There Are Worse Things Than Incoming Mortars (Updated)

Luck is a relative thing.

Take, for example, a summer vacation.  You arrive at the hotel and the front desk clerk tells you,  “You’re lucky.  We ran out of regular rooms and had to upgrade you to a suite.”

Or you go outside to the hotel pool and the pool attendant tells you, “You’re lucky.  We’ve had rain all week, and today is the first sunny day.”

But luck is different in Afghanistan.

“You’re lucky,” said our military escort as we got off the plane, “The base hasn’t been attacked in weeks.”

See, that makes me feel about as lucky as I would checking into a motel and being told, “You’re lucky.  Guests here are kidnapped from their rooms a lot less than they used to be.”

As if that wasn’t enough, our military escort then delivered a more devastating bit of news.

“You’re rooming with Jeff Keane.”

As though having a bomb dropped on my head wasn’t enough.  Now I’d have to stare at the creator of Family Circus standing around in his “Kiss Me, Dolly” underwear.

And don’t take my word for it.  Just look at him in this pre-removal-of-pants shot and imagine for yourselves.

All that separated me from him was that little desk on the right.  See, here was my bed on the other side of that desk.

That’s a mere four feet between me and The Jeffy.  Almost close enough that he could reach out and hold my hand during the night.  I finally understood the meaning of the phrase, “War is Hell.”

But I am a trooper.  So I took one for the team and roomed with The Jeffy.

Our first step was to unpack.  I took out all of my cool clothes and put them in drawers.  He laid out his “I Love Billy” underwear for Tuesday, his “I Love PJ” pajamas for Wednesday, and the “I Love Dead Grandpa” thong for Thursday.

When we finished unpacking, we sat on our respective beds wondering what we could do for the next couple hours.  He was thinking about getting something to eat.  I was thinking about how I could change the locks while he was gone.

We compromised and each sat at the desk signing a bunch of the postcards with our characters on them that the USO had given us to hand out to the troops.

There we sat, me and the creator of Family Circus.  Him doing his patriotic duty by signing the postcards.  Me doing my patriotic duty by not pushing him out the window.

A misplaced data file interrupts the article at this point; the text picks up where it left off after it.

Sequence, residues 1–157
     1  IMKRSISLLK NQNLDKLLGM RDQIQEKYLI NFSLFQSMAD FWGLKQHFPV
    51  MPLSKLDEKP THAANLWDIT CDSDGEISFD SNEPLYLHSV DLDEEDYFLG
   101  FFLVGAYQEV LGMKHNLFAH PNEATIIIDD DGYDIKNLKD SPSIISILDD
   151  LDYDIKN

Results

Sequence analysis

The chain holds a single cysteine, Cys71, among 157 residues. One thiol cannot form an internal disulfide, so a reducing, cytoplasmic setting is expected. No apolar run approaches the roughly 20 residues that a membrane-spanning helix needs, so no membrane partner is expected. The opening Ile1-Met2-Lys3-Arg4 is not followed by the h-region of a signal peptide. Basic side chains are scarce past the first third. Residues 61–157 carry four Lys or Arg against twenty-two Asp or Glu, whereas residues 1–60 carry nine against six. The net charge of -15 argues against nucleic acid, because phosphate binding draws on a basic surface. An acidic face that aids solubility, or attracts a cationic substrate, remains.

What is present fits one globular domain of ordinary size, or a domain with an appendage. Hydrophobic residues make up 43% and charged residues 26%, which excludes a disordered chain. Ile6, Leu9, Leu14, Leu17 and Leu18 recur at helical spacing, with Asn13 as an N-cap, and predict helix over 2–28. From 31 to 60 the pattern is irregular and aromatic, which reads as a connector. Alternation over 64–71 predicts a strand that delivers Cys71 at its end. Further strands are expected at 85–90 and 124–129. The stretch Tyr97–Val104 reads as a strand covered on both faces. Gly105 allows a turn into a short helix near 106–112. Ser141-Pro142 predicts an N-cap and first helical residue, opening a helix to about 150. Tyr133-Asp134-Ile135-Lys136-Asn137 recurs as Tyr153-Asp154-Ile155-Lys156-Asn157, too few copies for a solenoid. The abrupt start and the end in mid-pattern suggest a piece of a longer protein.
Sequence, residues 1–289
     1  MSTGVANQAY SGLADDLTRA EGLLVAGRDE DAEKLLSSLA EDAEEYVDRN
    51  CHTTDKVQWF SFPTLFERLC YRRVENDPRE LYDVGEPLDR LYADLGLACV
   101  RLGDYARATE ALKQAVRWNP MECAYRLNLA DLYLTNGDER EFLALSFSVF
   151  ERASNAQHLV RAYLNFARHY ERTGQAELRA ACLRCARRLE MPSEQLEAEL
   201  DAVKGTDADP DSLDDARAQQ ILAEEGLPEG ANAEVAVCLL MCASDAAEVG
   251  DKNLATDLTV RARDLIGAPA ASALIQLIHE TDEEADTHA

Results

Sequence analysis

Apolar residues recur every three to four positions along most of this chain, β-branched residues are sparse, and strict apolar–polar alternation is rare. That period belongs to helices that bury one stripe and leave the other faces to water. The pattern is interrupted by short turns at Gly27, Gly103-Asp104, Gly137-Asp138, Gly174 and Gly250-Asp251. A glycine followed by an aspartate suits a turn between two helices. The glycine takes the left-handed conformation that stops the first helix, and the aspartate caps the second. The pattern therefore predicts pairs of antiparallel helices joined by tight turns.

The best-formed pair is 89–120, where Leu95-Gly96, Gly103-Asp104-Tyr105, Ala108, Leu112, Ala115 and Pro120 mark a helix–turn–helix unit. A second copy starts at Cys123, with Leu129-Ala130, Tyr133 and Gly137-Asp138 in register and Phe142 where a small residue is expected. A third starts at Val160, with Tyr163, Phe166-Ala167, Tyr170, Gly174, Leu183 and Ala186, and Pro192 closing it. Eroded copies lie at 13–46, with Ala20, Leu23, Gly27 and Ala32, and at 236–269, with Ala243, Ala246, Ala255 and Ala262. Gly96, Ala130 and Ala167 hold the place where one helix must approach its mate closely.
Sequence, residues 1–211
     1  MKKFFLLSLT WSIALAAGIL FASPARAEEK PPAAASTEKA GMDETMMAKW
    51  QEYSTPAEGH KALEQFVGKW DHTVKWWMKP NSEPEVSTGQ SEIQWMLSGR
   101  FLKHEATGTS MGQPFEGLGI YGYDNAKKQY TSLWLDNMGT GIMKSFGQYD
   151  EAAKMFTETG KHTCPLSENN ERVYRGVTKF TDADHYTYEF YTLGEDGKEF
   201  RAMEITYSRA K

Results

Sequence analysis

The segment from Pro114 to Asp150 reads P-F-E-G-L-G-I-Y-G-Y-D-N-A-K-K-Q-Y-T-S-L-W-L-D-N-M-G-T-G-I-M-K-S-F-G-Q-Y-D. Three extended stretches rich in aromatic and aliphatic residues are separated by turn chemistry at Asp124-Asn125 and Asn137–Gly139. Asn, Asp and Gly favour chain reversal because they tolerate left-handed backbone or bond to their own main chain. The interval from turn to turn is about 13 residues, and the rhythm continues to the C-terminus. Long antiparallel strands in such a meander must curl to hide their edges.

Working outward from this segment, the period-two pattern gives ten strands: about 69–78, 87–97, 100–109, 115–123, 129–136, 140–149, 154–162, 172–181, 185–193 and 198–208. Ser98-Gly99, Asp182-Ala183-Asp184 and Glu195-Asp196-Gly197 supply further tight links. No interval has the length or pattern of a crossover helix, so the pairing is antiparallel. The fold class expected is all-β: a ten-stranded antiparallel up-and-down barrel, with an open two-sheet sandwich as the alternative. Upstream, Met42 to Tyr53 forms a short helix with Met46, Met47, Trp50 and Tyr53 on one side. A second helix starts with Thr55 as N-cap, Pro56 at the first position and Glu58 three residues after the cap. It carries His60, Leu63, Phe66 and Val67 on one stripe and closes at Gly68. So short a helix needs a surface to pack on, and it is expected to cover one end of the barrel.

And that’s when the air raid sirens went off.

“GET DOWN.  GET DOWN.  GET DOWN,” shouted the garbled voice across the base’s PA system.

And at that moment, my greatest fear was not my possible demise.  It was that my last vision on this planet, the one that would have to carry me toward the afterlife, would not be of a nude supermodel begging me to make these last few moments count.

It would be this:

So much for being lucky.


UPDATE:  Jeff Keane responds in the comments section below.  But keep in mind, his version of events is one-sided, biased, slanderous, exaggerated and wholly false.  Unlike mine, which is the God’s honest truth.


Hey, Let’s See You Sit Next to a Comic Strip Legend for Eight Hours and Stay Quiet

I’m on a flight sitting next to Doonesbury creator Garry Trudeau and I have a lot of questions.

Questions about how Doonesbury started.  Questions about the Doonesbury strips he liked the most.  Questions about the strips he liked least.

For me, this is out of character, for I make it a point to never talk to the person sitting next to me on a flight.  Especially a long flight.  And this one qualifies.

We are flying from Washington, D.C. to Frankfurt, Germany and then on to Afghanistan.  We are on a USO trip to visit the troops in Kandahar.

But this is Garry Trudeau.  And I have questions.

Making my mouth move even more freely are the Sierra Nevada beers I pounded at the United Airlines lounge just before getting on the flight.  (My goal was to get so drunk that my buzz would carry me through the next seven days of alcohol-free Afghanistan.)

Before I know it, three hours have passed and I’m still asking questions.

That’s when Garry puts his index finger to his lips and says, “Shhh.  We should probably keep our voices down.  The guy on the other side of me is trying to sleep.”

That’s when I notice we are the last two guys with our overhead lights on.  We are the last two guys awake.

But that doesn’t stop me.  So I keep firing away.  Only quieter.

Questions about what it’s like to win a Pulitzer.  Questions about what inspires him.  Questions about any regrets he may have.

And then it happened.  I don’t know exactly when it happened.  Or how.  All I know is that I had asked him this question about regrets and then looked over at this legend of syndicated cartooning and saw it with my own two bloodshot eyes.

Garry Trudeau was wearing noise-canceling headphones.

Because of me.

The guy he had chosen to sit next to.

At least now I knew one of his regrets.